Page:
Whistler likes to take things to new levels. Big mountains, big snow, big adventures. And when it can fit an extra pump of adrenaline in, it does. Just take a look at these Whistler adventure dining options with a unique, mountain twist.
The early snowmobiler catches the bacon with Canadian Wilderness Adventure’s (CWA) Yukon Breakfast. Heading out at 8 AM, this backcountry tour on Sproatt Mountain takes you up to a rustic cabin overlooking a snow-covered lake for a skillet-style breakfast. Sizzling on the wood-fired stove is Canadian back bacon, Yukon gold taters, scrambled eggs with sauteed onions, bell peppers and cheddar cheese melting on top. And don’t forget the pancakes with real maple syrup served with cowboy coffee.
This is the snowmobile version of Fresh Tracks (where you head up Whistler Blackcomb early to ski). You get first dibs on any fresh powder, or the first turns on some lovingly groomed corduroy. This tour is for those who like to get up and go, and also enjoy a slap-up brekkie.
You can also journey up to the cabin on Sproatt at dusk for a decadent, three-course steak dinner prepared by the Bearfoot Bistro and presented by CWA’s wilderness chef. Heading out at 5 PM three days a week, you might even catch the alpenglow as you begin your journey. Dinner at the cabin is a warm and cozy affair – they also do private tours for anyone looking to ask any life-changing questions by candle light.
There are two machine-powered fondue tours in Whistler; one goes up Blackcomb Mountain to the Crystal Hut and the other out into the backcountry of the Brandywine Valley. The first offers views of Whistler Village, twinkling 6,000-feet below you as you ascend, while the other offers the serenity of the wilderness – both have incredible fondue menus.
You can also choose whether you head out via snowmobile or snowcat. What’s a snowcat? Imagine a small cabin set atop a pair of tracks, the going’s slow but it’s a novel experience. It’s a good option for families, or for those who might struggle with handling a snowmobile.
If you’re considering these tours with children, just bear in mind the timing, as it means a bit of a later start to dinner (unless you’re European, and then it’s probably perfect). Blackcomb Snowmobile actually has an early seating that sets off at 4:30 PM, which might be a better option for those with younger kids.
Heli Fresh Tracks
A new, add-on option to private ski lessons on Whistler Blackcomb, the heli whisks you out for an aerial tour of Whistler’s mountains and glaciers (approximately 12 minutes of fly-time) before you start your ski day. You beat the gondola lines by being dropped off right at the Roundhouse Lodge on Whistler Mountain where you’ll have a reserved table for a Fresh Tracks breakfast. This is a great option for groups of four to five who like an early start (6:45 AM pick up).
Ice Cave Dining
This is insane. Imagine being served Champagne and caviar under the blue hues of the sea, frozen just above you. This tour starts with a helicopter ride that whisks you up to the Headline Holiday base on the Pemberton Ice Cap, soaring over volcanic peaks and vast, old-growth forests. Then you choose your own snow machine adventure from their fleet of snowmobiles, buggies and coaches as you head to the ice caves. After a guided tour of the ancient caves, it’s over to the wilderness chef who serves your lunch under a cathedral cave of blue, aptly called “The Blue Room”.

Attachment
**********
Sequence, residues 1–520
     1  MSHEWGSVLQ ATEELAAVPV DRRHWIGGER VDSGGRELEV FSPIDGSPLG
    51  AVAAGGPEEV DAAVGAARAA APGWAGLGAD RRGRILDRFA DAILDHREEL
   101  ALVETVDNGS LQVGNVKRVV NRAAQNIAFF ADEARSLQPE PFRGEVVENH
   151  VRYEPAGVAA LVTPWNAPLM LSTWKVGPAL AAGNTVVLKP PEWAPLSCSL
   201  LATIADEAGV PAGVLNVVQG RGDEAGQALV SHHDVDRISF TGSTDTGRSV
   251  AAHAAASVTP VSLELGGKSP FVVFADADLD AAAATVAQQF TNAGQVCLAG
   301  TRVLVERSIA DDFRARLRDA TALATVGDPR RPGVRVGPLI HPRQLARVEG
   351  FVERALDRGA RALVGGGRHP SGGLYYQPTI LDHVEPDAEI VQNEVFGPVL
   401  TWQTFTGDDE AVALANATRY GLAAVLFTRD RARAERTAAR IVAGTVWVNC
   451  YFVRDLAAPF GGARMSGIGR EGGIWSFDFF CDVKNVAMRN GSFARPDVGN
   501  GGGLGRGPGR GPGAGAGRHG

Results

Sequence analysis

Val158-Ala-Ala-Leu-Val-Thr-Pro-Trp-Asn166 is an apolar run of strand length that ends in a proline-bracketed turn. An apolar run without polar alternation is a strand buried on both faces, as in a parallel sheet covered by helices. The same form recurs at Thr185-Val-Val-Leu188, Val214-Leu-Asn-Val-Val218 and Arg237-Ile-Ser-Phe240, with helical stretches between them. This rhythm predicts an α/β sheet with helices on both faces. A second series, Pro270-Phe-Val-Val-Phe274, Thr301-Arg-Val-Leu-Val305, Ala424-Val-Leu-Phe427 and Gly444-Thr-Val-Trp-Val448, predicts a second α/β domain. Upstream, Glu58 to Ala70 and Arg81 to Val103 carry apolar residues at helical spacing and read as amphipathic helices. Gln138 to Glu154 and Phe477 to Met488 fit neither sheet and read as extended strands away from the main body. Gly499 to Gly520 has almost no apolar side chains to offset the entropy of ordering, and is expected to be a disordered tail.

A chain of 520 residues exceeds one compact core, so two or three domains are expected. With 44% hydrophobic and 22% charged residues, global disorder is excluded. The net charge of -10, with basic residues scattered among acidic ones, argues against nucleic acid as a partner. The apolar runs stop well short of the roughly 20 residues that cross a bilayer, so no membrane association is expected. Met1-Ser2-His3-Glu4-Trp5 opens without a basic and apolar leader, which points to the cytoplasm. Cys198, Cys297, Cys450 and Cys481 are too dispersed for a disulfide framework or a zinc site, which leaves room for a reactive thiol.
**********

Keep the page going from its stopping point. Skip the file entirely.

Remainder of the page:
Pricing starts at $20,000 for two adults and as it’s a very bespoke experience we’d suggest letting the experts at Whistler.com help you set it up. You could also consider a heli-tour with a picnic add-on if the Blue Room is a bit over the top for you!
A First Nations Winter Feast
At the Squamish Lil’wat Cultural Centre (located in Whistler), you can blend an incredible cultural experience with a delicious dinner. As you dine on alder-smoked bison brisket, cedar-roasted wild sockeye salmon, bannock bread and locally-sourced, seasonal vegetables and salads, the Wells Family of the Lil’wat Nation share the stories, music and dances they learned on the Pow Wow Circuit (competitive dancing). Our contributor, Pip Campbell described the evening as a “feast for the senses” in her piece on the summer-version of this experience.
This is a family-friendly dinner option (reduced pricing for children and youth, under 5’s free) that happens on Sundays and Thursdays throughout the winter season (December 15, 2019 – March 29, 2020), starting at 5:15 PM.
Lunch with the Eagles
It’s a little-known fact that Squamish (58-kilometres south of Whistler) is home to North America’s largest wintering population of bald eagles with peak viewing-season being November through February. The eagle float takes place on traditional (and unceded) Squamish Nation territory and in the Sḵwx̱wú7mesh language, the name of the river (Cheakamus) translates to ‘fish trap’.
Exploring via water always gives you a different perspective and with frozen waterfalls, old-growth forest and granite rock faces lining the bends it’s a visually-dramatic, gentle, nature-focused mode of exploration. The half-day tour departs at 11 AM daily (earlier pick up from Whistler by request) and includes a hearty bowl of chili (veggie options available) and copious hot chocolate. Good for kids five and up, this is a relaxing activity that adds a unique element to your ski trip. Want to know more? Check out Winter Eagle Viewing.
These experiences put a unique spin on the whole “dinner and a show” concept. If you’re coming over peak times during winter just be aware that dinner reservations in the Village book out fast. Get in touch with the Whistler.com team if you’d like more advice on how to book your trip to Whistler, and some insider tips on where to eat.